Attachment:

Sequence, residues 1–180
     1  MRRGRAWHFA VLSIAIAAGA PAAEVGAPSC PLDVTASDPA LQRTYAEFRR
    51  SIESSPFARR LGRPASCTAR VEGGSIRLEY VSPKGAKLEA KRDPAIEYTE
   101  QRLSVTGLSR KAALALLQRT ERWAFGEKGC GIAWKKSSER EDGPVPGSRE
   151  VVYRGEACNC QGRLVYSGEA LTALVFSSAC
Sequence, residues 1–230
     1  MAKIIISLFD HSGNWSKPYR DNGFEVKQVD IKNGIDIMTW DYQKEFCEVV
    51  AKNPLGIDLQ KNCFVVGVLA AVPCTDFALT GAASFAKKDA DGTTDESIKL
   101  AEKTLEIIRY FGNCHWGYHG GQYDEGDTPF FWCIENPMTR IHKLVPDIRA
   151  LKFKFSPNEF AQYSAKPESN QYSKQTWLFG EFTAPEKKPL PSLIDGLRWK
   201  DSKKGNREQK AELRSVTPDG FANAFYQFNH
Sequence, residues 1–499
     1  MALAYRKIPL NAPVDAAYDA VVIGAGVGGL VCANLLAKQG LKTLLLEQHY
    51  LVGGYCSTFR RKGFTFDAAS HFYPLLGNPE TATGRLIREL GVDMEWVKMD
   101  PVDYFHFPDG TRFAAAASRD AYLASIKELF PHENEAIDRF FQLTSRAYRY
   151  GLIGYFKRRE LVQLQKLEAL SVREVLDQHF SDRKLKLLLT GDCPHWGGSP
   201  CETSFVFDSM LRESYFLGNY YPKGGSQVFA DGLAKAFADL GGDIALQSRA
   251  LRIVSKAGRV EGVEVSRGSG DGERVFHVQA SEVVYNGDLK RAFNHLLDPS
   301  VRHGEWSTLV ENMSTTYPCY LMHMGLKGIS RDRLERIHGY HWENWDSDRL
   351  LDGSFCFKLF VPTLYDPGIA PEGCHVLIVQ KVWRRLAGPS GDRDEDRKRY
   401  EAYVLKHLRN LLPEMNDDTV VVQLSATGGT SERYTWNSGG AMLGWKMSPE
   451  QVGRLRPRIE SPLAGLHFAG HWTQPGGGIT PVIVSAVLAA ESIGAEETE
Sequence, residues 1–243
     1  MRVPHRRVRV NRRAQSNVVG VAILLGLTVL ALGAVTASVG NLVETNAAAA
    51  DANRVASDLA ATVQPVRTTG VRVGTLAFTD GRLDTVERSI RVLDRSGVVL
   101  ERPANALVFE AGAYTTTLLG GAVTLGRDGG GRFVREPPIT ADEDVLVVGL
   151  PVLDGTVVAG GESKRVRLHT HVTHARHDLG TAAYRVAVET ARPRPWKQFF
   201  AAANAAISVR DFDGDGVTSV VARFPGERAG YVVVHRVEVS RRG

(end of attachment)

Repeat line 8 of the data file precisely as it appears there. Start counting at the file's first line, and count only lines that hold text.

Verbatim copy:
    51  AKNPLGIDLQ KNCFVVGVLA AVPCTDFALT GAASFAKKDA DGTTDESIKL